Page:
As a basis for their classification of the various schools, the Pure Land masters selected a passage in the 'Igyohon' or the ninth chapter of Book Five of the Dasabhumivibhasa Sastra by Nagarjuna, who is therefore considered as the First Patriarch. Their own doctrines of pure Faith and the Invocation of the Name are called Igyodo, the Easy Path, while all others belong to the Nangyodo, or Difficult Path. Following the Third Patriarch in China, Tan-luan (476- 542), these two ways were assigned to the Other Power and the Self Power respectively; while by the Fourth Patriarch in China, Tao-cho (562-645), they were also distinguished by the names Jodomon, or Gate to the Pure Land, as contrasted with Shodomon, or Gate to the Way of the Sages.

The most penetrating criticism of the Buddhism of their period put forward by Honen and Shinran was that whilst the Way of the Sages had in earlier times been fully efficacious, it had now, due to the downward course of the cycle, become invalidated by one great difficulty: almost no one could put it into practice any longer. Both master and disciple, who were among the most learned and most devout men of their day, had spent more than twenty years on Mount Hiei, headquarters of Tendai, studying and attempting to follow the Difficult Path, without avail. True, there might still be rare exceptions, perhaps one or two in a century, born with the requisite spiritual endowment; but how could the Mahayana call itself the Great Vehicle, if it left most of humanity fallen by the wayside ? This was all too reminiscent of the Hinayana Arhat who, by seeking and gaining Enlightenment for himself alone, really rested in a partial and penultimate Nirvana.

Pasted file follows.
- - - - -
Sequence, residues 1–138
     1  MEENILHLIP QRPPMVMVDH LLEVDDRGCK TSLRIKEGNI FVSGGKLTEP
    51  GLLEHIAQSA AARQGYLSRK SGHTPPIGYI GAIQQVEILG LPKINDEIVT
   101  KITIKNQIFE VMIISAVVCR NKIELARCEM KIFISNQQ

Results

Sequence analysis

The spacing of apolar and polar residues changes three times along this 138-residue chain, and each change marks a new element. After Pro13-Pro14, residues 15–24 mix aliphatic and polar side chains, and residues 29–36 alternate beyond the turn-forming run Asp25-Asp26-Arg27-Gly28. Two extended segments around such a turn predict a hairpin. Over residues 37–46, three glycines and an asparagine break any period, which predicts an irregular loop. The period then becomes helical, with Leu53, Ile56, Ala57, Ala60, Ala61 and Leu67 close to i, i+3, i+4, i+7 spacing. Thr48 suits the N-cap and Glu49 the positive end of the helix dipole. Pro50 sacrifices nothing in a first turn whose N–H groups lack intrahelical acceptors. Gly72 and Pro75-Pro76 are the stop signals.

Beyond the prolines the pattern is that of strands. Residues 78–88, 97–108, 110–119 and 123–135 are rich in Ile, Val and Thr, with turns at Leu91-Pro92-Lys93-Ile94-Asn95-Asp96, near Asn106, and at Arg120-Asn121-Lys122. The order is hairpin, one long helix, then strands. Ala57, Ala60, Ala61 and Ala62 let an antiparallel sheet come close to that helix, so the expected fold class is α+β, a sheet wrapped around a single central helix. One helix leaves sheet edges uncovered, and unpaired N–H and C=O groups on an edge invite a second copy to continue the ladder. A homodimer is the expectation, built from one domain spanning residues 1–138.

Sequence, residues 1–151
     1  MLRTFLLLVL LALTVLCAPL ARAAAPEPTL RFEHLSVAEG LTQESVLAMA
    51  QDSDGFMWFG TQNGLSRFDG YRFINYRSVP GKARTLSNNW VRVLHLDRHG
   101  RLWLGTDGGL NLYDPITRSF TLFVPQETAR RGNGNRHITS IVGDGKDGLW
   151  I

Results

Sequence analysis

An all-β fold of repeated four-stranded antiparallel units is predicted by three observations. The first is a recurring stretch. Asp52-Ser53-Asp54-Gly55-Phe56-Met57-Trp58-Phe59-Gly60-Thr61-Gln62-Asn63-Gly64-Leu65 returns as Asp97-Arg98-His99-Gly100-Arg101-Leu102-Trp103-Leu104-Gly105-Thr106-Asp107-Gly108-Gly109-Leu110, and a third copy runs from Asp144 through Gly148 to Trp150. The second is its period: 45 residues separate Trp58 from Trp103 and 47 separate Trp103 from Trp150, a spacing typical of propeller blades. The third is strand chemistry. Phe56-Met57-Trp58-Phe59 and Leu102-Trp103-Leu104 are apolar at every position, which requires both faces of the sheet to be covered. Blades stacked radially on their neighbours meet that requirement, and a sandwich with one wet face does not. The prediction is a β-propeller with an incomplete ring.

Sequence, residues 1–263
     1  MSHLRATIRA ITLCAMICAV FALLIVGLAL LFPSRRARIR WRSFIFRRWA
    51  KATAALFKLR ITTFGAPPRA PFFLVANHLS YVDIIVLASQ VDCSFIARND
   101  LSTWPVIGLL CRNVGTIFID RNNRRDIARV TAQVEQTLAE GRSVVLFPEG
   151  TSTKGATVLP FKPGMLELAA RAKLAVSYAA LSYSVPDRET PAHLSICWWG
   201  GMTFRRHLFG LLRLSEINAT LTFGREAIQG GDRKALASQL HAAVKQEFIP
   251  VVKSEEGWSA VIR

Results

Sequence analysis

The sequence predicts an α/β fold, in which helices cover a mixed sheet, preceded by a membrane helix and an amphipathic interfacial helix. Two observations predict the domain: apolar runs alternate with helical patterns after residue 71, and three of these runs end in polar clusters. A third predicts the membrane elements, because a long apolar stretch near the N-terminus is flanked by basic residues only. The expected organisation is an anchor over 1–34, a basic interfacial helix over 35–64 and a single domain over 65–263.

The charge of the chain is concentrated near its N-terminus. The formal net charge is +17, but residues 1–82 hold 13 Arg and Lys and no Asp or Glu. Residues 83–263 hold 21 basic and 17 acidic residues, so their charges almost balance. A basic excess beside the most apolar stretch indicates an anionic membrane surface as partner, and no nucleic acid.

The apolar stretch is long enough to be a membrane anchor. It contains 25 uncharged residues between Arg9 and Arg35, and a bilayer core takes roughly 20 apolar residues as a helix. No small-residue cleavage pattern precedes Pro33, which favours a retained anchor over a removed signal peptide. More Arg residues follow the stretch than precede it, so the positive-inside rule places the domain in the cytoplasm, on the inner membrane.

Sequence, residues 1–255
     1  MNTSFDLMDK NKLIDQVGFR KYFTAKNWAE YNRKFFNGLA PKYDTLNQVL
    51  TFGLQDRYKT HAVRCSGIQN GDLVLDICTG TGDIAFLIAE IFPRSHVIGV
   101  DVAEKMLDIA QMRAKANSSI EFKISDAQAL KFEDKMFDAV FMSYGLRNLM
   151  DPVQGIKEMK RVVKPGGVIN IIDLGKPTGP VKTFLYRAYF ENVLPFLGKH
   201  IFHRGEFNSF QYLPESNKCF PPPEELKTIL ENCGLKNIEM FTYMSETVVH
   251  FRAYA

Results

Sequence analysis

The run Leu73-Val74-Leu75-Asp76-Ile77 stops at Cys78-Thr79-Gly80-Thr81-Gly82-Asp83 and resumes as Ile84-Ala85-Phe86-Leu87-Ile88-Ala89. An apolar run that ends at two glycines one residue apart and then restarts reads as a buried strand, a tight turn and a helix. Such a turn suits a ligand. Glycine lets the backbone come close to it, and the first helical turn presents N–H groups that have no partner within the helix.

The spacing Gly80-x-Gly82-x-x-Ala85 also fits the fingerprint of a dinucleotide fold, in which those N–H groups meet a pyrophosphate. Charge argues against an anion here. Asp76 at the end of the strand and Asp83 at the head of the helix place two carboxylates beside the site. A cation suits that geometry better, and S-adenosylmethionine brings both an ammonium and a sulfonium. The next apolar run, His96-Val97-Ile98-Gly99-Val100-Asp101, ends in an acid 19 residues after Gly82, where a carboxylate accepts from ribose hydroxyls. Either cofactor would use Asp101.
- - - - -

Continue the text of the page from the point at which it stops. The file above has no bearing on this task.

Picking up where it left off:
For the Mahayana, humanity is a continent, not an archipelago. We carry not only our own individual burden of Karma, both good and bad, but are also inextricably involved in the onerous past of all our ancestors: the thoughts, words, and deeds of family, class, caste, race, and finally the whole of mankind. It is this collective Karma, as much as individual shortcomings and transgressions, which prevents any one man from gaining Liberation by his own unaided efforts. Hence, even the wisest and most virtuous, like Shan-tao who lived a life of blameless purity, felt compelled to consider themselves as sunk in ignorance and defilement from the incalculable past. When Vimalakirti, the greatest of Buddhist lay sages, was asked the reason for his continual ill health, he replied that he was sick because all men were sick.

A wish to take Heaven by storm may well conceal motivation by an aggressive ego. In these latter days of the Law, anyone who claims to belong to that elite of exceptions still capable of the difficult path of self-help is almost certainly deceiving himself - and probably others as well - by his secret pride. Shinran taught all who sincerely requested him, but refused to accept or acknowledge any disciples. All schemes for self-improvement are really subtle pretentions and subterfuges of the ego. Being black with past Karma by nature, all man's efforts at polishing his own supposed virtues never result in his becoming white, but merely, as Shinran wittily put it, 'a shiny instead of a dull black'. If factors such as collective Karma and the downward course of the cycle made attainment almost impossible then, how much more so now, seven hundred years later, when spiritual decadence has reached the point of extinction of all religion !